This thesis presents a comprehensive treatment of the mathematical foundations of the quantum mechanics of molecules. In particular it treats the molecular system H3, which consists of three protons and three electrons. The mathematical formalism of quantum mechanics is developed from first principles, and elementary examples of quantum systems, such as spin systems, the hydrogen atom and molecule are worked out as illustrations of the formalism. Molecular symmetry groups and their representation theory are also treated. The coordinate systems in the shape space of three nuclei are studied. Vector bundles and connections are developed and applied to the Berry-Simon connection in the complex vector bundle over the shape space whose fibres are the energy ground state eigenspaces. ``Berry phase'' is then interpreted as holonomy associated to parallel translation in the usual sense of differential geometry.

Since this thesis was defended (November, 2003) several errors or omissions have been detected in it and if they are not too extensive they will be corrected by Dan Dix. These (planned) amendations with their dates of completion are as follows.

- Corrected and expanded discussion of simultaneous eigenfunctions of S^2 and S_3 in the two and three spin systems (completed Feb. 4, 2004).
- Corrected and expanded discussion of tensor products of Hilbert spaces (completed Feb. 13, 2004).
- Hyperspherical coordinates on shape space of H3. Discussion of the placement of equilateral triangles, collinear shapes, and various types of isoceles triangles within shape space. Symmetries of shape space induced by permutation of the nuclei.
- Berry Phase in the Molecular System H3, amended version (Feb. 13, 2004).

The following topics would have been nice to have been discussed for the sake of completeness, and maybe in the future short accounts will be written by Dan Dix to summarize them.

- Joint spectral decomposition of H, J^2, and J_3 in the scattering sector for the Hydrogen-like atom.
- Discussion of low energy electronic states of H2, including or excluding internuclear repulsion term. Separation of space and spin variables. Discussion of spatial symmetry and electron interchange symmetry.
- Extended discussion of GVB (SCVB) and HF ansatze for H2 wavefunctions.
- More detailed discussion of known facts about the low energy electronic states of H3.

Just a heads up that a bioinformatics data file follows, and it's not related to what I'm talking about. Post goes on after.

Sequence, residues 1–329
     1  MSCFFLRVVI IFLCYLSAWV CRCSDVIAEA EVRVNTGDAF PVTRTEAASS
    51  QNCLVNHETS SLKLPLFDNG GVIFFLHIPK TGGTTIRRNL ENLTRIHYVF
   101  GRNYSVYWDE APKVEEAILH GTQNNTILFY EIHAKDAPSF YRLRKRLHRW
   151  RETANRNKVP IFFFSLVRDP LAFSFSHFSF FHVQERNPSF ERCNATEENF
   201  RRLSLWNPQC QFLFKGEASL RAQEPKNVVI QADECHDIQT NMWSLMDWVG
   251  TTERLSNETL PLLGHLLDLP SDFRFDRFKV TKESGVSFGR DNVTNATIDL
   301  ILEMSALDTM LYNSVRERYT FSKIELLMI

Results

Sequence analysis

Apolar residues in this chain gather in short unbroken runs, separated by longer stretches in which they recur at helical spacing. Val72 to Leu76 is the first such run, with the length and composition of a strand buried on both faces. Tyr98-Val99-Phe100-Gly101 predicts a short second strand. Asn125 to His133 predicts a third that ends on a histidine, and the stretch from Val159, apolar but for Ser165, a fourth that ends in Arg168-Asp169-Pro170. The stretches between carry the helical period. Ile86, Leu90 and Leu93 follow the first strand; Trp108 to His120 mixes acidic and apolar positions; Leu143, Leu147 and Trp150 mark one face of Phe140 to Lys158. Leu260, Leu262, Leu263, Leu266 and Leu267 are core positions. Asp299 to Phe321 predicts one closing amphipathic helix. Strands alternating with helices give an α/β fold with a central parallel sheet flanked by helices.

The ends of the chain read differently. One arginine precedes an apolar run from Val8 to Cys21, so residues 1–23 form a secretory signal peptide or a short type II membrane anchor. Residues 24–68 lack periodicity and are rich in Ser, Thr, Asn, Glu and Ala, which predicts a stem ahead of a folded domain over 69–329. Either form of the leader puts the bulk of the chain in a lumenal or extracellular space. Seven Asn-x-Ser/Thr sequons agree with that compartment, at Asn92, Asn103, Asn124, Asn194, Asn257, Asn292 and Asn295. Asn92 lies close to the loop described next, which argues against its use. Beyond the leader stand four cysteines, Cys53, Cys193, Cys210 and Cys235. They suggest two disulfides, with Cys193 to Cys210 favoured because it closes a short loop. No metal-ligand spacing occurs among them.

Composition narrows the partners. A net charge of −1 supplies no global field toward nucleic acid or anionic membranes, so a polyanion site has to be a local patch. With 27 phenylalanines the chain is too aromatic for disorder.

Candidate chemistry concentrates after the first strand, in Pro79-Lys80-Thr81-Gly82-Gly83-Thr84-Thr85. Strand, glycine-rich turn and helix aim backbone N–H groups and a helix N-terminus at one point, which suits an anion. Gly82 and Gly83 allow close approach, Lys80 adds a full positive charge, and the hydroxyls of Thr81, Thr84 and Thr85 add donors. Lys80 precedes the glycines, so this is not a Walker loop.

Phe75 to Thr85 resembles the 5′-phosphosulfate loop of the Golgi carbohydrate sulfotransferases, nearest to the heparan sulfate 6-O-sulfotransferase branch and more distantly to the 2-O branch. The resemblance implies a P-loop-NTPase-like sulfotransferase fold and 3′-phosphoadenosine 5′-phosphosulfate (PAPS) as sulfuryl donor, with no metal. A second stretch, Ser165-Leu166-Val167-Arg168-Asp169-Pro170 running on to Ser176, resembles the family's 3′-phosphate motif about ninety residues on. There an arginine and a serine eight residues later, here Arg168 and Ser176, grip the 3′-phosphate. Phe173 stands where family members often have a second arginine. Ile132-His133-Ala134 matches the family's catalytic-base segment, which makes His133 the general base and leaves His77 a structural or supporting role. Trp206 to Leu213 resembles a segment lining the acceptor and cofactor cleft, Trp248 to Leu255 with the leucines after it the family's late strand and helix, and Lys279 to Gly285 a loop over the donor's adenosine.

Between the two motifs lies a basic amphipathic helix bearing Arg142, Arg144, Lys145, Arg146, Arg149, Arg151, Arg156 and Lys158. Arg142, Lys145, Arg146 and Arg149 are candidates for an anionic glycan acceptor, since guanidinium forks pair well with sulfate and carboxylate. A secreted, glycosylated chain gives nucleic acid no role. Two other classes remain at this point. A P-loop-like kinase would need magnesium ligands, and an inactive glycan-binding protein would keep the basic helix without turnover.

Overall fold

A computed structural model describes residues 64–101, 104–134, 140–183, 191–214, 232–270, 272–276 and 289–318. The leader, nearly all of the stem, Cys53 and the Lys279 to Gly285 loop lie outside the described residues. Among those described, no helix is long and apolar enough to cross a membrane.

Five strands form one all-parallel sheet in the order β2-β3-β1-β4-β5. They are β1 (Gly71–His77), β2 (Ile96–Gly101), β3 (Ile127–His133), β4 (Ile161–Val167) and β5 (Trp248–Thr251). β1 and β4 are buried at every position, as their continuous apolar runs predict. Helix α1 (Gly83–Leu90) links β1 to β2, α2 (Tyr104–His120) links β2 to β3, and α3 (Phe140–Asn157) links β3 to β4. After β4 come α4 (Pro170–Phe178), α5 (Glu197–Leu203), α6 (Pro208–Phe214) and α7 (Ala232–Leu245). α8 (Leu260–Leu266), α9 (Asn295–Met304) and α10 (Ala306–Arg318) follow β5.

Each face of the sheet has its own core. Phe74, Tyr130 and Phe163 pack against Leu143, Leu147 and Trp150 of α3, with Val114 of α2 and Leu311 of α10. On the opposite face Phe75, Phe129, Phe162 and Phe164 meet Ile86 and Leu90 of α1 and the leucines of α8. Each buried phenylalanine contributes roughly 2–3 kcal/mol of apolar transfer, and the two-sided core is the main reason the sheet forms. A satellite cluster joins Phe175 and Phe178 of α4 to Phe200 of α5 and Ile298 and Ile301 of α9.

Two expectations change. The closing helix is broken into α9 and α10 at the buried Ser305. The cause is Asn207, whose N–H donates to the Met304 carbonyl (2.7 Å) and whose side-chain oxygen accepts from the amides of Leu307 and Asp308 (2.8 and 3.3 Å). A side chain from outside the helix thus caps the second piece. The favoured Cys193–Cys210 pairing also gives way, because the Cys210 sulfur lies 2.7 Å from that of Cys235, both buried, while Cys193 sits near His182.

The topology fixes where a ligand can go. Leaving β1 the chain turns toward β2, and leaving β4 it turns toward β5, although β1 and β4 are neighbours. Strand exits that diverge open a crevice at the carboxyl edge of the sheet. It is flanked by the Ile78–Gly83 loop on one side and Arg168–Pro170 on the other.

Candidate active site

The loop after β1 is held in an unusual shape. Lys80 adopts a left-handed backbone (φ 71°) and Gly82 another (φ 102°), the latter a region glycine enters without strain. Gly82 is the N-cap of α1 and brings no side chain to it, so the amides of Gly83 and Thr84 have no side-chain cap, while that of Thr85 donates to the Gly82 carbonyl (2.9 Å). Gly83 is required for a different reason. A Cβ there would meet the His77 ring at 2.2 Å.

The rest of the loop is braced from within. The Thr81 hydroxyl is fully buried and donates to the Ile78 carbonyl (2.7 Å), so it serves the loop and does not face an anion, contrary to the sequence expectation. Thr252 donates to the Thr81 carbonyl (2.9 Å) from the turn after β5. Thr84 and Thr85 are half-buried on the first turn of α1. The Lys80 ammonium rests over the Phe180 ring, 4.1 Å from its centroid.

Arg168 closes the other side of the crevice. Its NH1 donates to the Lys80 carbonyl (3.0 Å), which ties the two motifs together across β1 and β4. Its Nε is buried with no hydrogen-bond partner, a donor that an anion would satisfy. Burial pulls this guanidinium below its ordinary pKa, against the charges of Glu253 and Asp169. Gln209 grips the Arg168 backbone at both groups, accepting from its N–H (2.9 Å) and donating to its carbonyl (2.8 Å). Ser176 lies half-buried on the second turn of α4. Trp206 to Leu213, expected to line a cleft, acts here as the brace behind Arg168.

Discussion of mathematical issues left unresolved in the thesis.

- The shape space is the union of sets C_k, k=1,2,..., where C_k contains those shapes of the nuclei where the energy ground state eigenspace has (complex) dimension 2k. Mead claims (indirectly) that C_1 is an open subset of the shape space. Exactly which shapes are in C_1?
- Over C_1 we should then have a complex line bundle, where the fibre over each point (shape) is the one dimensional complex vector space of energy ground state eigenfunctions which are also eigenfunctions of the operator S_3 for the total z-component of spin with eigenvalue hbar/2. This requires one to prove the existence of an atlas of smooth local trivializations of this bundle.
- C_2 appears to contain part of the one parameter family of equilateral triangle shapes, as well as certain one parameter families of isosceles triangle shapes (near to the united atom limit). These curves in shape space meet at a special equilateral triangle shape which is in C_3. What happens to C_2 near the united atom limit?
- The fibre over each point (shape) of C_k is equipped with a representation of the point symmetry group of that shape. Is this representation always irreducible? If so, what is its character?
- Mead claims that the Berry-Simon connection over C_1 has vanishing curvature. The holonomy associated to a closed curve in C_1 spanned by a surface lying entirely in C_1 can be related to a surface integral of the curvature form, but if the closed curve in C_1 is not null homotopic in C_1 then the holonomy needs to be computed. Yarkony claims to have computed it (in certain cases).
- The fibre over each point of C_1 is spanned by a ground state electronic wavefunction, which is a complex-valued function of nine space variables (three variables for each electron) and three binary spin variables (each taking only the values 0 or 1). The visualization of such a complicated function is impossible, but if it is closely approximated by a wavefunction of GVB type then its approximate nature can be understood. How accurate is this GVB ansatz over the entire shape space?